All this activity has attracted risk capital providers, the business service community and real estate investors. Each of the major technology consultancies has an involvement in venture capital, and there are more than ten significant providers of seed or venture capital based in the area. The big five accountancy firms are all present in the city and for several it is the base for their European technology groups. Local lawyers have developed expertise in intellectual property and employment law as it affects high-tech firms. There are five science parks. Private-sector developers and investors, emboldened by the performance of the first parks, are willing to take the risks entailed in schemes with restrictive planning permission.

But a high level of success has brought problems. Very low levels of unemployment mean labour shortages. Demand for scientists, technologists and engineers has been met only by attracting large numbers of people into the area. Others have moved out. Although this churning process makes a vital contribution to networking, both within the area and farther afield, it has led to pressure on the local housing market. People are having to live further from Cambridge to find housing they can afford, which is increasing congestion on the roads. The area's experience over the past 15 years highlights the failure of planning and infrastructure provision by central government to respond to very high levels of economic dynamism. There appears to be a growing willingness to change, but this merely highlights the barriers to doing so. Other successful smaller cities are facing similar problems from lack of flexibility in the UK system, and more difficulties can be expected wherever knowledge-based growth becomes a major economic driver. It is no coincidence that deliberate policies to achieve high growth have always required special legal and administrative mechanisms, whether through new towns or urban development corporations.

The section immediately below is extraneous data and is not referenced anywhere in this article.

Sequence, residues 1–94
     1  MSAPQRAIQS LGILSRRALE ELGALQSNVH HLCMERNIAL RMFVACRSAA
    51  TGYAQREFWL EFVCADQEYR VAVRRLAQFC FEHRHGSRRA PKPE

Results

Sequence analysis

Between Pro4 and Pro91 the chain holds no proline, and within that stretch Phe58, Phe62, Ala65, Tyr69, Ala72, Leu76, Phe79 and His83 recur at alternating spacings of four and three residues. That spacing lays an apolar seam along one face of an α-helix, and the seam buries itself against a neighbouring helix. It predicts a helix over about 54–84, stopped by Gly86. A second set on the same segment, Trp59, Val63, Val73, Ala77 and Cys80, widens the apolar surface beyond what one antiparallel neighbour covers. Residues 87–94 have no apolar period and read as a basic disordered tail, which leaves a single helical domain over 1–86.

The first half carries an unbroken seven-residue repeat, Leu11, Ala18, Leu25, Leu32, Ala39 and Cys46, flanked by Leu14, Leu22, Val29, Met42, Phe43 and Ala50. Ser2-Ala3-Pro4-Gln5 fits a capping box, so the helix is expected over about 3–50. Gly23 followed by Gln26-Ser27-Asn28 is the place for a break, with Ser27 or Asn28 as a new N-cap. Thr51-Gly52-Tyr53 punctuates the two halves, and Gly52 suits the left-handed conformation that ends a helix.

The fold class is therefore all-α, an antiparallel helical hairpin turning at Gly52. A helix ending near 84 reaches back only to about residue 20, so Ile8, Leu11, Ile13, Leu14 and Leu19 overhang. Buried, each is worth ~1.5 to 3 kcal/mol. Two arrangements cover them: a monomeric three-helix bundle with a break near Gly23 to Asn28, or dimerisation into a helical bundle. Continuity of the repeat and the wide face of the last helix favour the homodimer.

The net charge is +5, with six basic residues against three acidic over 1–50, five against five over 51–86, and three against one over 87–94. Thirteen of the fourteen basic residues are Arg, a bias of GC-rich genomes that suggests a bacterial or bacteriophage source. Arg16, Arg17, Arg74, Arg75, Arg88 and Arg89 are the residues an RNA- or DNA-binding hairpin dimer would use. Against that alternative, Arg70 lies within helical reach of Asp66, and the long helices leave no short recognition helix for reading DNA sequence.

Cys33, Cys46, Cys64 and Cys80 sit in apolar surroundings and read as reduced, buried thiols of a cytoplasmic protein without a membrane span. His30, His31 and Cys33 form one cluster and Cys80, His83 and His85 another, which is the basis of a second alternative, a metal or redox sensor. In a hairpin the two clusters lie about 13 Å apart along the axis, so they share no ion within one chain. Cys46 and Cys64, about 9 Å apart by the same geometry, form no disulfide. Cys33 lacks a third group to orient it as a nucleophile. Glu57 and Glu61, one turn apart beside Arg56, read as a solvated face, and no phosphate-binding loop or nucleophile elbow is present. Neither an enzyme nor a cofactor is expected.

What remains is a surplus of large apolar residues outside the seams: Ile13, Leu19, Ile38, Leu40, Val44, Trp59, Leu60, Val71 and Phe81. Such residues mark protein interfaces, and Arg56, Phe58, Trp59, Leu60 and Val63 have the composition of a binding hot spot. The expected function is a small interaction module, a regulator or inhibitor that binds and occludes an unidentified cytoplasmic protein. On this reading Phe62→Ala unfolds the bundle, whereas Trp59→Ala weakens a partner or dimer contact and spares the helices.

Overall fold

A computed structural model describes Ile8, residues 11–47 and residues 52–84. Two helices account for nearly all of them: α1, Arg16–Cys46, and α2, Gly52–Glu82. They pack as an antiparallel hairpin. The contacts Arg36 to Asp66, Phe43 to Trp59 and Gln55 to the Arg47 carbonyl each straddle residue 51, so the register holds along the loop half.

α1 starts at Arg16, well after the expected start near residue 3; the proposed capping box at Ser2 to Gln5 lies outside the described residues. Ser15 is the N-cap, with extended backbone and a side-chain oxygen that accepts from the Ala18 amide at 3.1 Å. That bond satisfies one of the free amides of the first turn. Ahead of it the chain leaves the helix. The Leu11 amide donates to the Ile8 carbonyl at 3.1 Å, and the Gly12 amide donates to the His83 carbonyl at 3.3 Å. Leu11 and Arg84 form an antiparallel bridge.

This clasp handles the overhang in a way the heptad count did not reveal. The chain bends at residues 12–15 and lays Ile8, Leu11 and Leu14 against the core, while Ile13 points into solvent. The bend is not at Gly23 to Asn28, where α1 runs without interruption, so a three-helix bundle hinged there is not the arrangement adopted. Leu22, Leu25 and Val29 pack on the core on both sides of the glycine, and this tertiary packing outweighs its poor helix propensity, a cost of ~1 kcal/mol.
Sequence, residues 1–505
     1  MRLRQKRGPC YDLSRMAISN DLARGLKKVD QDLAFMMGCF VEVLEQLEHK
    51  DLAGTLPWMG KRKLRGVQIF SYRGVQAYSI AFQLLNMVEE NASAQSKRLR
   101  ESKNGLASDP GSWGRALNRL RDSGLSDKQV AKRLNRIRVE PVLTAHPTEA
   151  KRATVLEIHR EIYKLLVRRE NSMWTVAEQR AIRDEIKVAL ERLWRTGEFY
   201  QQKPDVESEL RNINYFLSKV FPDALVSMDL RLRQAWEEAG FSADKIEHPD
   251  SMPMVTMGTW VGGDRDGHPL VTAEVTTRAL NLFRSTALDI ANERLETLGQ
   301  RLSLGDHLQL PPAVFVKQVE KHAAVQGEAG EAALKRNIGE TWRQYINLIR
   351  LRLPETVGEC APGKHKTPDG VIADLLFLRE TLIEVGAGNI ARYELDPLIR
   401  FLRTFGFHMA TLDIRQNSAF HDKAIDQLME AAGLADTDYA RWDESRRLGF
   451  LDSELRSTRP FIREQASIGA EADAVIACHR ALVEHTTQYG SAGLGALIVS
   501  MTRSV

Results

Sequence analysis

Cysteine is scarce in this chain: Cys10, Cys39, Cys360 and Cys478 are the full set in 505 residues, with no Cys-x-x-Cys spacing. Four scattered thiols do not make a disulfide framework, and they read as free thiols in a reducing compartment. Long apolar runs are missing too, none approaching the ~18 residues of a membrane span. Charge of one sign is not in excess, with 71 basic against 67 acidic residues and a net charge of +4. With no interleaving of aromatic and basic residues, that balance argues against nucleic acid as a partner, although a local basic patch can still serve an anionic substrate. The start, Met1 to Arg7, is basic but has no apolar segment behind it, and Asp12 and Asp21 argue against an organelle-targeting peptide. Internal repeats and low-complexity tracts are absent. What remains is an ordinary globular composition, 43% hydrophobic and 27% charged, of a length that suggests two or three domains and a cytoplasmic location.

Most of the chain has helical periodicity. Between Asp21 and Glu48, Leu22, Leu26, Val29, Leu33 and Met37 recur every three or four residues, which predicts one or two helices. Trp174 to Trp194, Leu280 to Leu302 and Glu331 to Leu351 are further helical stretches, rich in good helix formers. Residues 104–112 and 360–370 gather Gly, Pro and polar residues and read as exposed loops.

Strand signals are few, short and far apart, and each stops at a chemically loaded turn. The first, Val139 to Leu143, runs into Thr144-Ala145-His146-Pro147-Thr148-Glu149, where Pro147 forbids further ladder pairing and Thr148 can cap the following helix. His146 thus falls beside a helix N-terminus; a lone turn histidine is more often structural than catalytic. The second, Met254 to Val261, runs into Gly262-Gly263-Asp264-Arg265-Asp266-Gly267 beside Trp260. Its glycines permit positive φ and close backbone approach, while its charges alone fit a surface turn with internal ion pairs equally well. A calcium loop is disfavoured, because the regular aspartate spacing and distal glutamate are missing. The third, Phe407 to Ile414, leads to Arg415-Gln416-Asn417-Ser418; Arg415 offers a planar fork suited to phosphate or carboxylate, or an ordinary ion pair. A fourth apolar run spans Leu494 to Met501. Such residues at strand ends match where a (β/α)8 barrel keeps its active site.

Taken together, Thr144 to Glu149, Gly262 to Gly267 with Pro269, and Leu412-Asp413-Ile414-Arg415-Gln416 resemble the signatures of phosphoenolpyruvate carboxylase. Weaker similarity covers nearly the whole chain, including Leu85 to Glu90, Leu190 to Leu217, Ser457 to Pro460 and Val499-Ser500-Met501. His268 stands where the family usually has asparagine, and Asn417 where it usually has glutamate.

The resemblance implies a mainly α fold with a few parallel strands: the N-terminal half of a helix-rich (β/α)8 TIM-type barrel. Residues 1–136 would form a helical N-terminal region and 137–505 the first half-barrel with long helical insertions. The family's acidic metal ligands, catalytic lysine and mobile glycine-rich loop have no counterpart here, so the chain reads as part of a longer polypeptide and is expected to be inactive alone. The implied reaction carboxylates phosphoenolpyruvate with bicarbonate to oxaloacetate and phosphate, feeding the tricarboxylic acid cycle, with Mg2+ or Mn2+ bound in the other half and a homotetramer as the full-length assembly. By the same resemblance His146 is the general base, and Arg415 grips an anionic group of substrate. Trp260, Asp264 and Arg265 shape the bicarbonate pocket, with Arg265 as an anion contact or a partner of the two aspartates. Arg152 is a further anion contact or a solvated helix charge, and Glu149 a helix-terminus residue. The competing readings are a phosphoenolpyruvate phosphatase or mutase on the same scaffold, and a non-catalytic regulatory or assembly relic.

The staffing shortages in the higher grades are as bad in the technical and support staff grades, where wages are lower and insufficient to attract staff from other areas. Public services are also stretched. And it is hard for firms to find space for expansion near existing sites. All of this has either limited companies' plans for growth or encouraged them to adopt a business model focused on creating and licensing intellectual property, or into selling to a major company (typically from overseas). Neither of these options involves their becoming a manufacturer or a major employer providing a wider range of job opportunities locally or elsewhere in the UK.

These matters need to be addressed by the government at a national level. But there are some problems that can be tackled by the firms. A culture has been established that encourages risk-taking, is hard-working (with long and erratic hours) yet is typified by high levels of job satisfaction. But this may be detrimental in terms of family-friendliness, the involvement of women and getting the best out of older workers. Women are under-represented in the consultant/scientist posts within many firms. Increased flexibility may also be needed for the older worker, so that work becomes a positive choice even when it is no longer essential for the income it provides. These are problems that are likely to face all knowledge-based firms because of the forecast global shortage in key areas of expertise.

Nevertheless, Cambridge continues to thrive both from its internal dynamic and through the movement into the area of teams from global companies: partly because it has a good labour market and improving links to London and partly because it provides a positive brand that improves companies' image and standing. It is much harder for other major cities to gain renown as knowledge-based economies, especially if their activity is diffuse and difficult to identify. This is where science parks are starting to show their true worth. They bring together property, knowledge, finance and a community of like-minded firms and people. This, in turn, helps to build confidence and hopefully ripples out an entrepreneurial culture into other areas of the economy.

The Cambridge Phenomenon Revisited is available from  SQW